The outcome is that biometric systems, which in some cases have not enjoyed mass deployments due to poor user experience, are now using machine learning and artificial intelligence algorithms to overcome one of the larger barriers to large-scale adoption – the need to constantly update reference samples.
Facial recognition software has come under great scrutiny in the past several years because some companies have leveraged the technology in ways that many people believe violate their privacy rights. These companies surreptitiously collected biometric data from users that were, in some cases, unaware that the data was being collected. The data was then compiled into large databases that were shared, or even sold to third-party entities.
Other concerns around using facial recognition to support a zero trust architecture include:
The terms face recognition and face authentication are often used interchangeably in everyday speech but technically, they are not the same thing.
Although both technologies use biometric software systems to identify individuals, they employ distinct processes and are applied for different purposes. Face recognition uses technology to identify the presence of a human face in a digital image, while face authentication uses technology to verify the identity of an individual who is actively interacting with a digital or physical asset.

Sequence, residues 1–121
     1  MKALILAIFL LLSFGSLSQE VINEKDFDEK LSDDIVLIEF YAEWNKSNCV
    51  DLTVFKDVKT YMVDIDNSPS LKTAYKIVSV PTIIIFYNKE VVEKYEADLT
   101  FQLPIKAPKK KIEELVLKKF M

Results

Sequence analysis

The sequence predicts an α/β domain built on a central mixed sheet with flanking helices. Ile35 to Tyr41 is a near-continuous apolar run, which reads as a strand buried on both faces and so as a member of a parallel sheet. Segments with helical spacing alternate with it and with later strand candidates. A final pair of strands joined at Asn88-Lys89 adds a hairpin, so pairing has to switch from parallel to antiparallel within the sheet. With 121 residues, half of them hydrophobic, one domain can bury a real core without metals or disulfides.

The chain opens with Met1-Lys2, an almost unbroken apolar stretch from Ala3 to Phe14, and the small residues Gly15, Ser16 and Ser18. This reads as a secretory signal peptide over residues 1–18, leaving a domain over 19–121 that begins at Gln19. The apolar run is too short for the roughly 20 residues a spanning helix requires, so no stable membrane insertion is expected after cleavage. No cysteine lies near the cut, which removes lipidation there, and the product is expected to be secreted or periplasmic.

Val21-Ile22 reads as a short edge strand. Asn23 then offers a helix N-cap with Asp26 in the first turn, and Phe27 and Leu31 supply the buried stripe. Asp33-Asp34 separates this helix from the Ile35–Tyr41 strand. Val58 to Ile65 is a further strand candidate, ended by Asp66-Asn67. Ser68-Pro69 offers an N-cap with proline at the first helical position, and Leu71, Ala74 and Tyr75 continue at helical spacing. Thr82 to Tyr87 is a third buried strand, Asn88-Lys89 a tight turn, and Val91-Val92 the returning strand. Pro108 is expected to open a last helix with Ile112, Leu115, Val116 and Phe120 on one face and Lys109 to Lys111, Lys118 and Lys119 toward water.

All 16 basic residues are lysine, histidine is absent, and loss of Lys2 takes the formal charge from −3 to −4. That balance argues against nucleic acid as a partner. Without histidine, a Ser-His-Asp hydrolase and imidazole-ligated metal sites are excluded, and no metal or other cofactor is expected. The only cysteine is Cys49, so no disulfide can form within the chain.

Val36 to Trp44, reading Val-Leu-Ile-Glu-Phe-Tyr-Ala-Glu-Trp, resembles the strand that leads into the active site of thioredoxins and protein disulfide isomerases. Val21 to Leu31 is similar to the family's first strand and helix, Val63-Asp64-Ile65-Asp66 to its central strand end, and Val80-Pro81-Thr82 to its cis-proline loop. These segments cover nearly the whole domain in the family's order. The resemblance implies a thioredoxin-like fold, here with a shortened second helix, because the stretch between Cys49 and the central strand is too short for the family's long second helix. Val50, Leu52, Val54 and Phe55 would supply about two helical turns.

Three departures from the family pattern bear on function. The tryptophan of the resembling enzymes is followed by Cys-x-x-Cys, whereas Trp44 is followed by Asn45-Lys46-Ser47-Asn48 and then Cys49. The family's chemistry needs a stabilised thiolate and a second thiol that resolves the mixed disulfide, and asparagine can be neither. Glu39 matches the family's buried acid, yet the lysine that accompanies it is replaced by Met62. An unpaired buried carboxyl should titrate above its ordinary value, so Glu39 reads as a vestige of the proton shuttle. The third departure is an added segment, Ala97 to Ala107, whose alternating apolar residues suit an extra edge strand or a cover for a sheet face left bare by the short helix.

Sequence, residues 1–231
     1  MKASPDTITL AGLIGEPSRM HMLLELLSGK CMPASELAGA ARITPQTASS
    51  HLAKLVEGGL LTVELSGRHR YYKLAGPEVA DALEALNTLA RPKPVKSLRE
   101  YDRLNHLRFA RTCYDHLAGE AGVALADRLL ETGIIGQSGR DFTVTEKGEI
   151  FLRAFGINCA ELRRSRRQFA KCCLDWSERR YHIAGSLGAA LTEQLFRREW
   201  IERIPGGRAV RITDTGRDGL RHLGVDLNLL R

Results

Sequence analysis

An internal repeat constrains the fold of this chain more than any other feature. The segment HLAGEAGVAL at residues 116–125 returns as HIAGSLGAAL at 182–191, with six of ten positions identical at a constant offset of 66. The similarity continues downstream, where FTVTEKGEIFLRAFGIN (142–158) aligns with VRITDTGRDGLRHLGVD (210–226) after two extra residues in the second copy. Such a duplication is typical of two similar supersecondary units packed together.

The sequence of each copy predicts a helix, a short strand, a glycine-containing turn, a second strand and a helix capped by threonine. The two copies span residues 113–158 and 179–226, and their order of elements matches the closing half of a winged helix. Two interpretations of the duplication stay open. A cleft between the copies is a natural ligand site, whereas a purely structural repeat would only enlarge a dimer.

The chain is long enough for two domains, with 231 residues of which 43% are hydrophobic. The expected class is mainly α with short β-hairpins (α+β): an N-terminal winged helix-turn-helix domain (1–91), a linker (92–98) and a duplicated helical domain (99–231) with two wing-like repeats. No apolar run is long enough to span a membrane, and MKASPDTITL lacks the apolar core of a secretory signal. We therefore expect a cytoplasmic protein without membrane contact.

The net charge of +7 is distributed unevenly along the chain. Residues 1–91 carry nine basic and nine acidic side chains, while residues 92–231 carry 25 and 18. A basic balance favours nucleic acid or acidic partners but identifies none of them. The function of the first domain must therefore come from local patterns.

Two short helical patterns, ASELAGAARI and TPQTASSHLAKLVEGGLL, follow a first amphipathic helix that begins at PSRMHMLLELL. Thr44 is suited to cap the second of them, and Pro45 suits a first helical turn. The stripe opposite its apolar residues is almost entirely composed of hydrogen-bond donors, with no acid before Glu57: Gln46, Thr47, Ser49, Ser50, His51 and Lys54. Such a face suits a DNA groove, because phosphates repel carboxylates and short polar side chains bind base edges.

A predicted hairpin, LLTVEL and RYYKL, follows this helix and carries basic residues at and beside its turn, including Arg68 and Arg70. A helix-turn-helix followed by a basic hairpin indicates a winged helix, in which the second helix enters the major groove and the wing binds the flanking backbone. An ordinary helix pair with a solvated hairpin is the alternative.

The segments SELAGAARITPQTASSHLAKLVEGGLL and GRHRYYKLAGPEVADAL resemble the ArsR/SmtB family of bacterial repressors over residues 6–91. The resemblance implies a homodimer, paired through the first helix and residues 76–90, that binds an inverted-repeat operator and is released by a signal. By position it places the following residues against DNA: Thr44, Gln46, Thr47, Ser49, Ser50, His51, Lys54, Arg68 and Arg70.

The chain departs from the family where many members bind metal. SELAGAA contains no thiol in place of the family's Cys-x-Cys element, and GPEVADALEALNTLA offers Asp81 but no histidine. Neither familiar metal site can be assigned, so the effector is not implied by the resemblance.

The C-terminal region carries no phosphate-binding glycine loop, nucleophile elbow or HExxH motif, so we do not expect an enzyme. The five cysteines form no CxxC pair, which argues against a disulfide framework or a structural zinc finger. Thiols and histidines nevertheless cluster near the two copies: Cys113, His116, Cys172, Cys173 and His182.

In contrast, facial comparison initiatives require a manual examination of the differences and similarities between two face images or live subjects — and uses one-to-one matching to determine whether they are the same or different persons. Today, many standard investigative techniques use facial recognition software before implementing facial comparison to limit the number of candidates that will be manually examined.
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Margaret is an award-winning technical writer and teacher known for her ability to explain complex technical subjects to a non-technical business audience. Over the past twenty years, her IT definitions have been published by Que in an encyclopedia of technology terms and cited in articles by the New York Times, Time Magazine, USA Today, ZDNet, PC Magazine, and Discovery Magazine. She joined Techopedia in 2011. Margaret's idea of a fun day is helping IT and business professionals learn to speak each other’s highly specialized languages.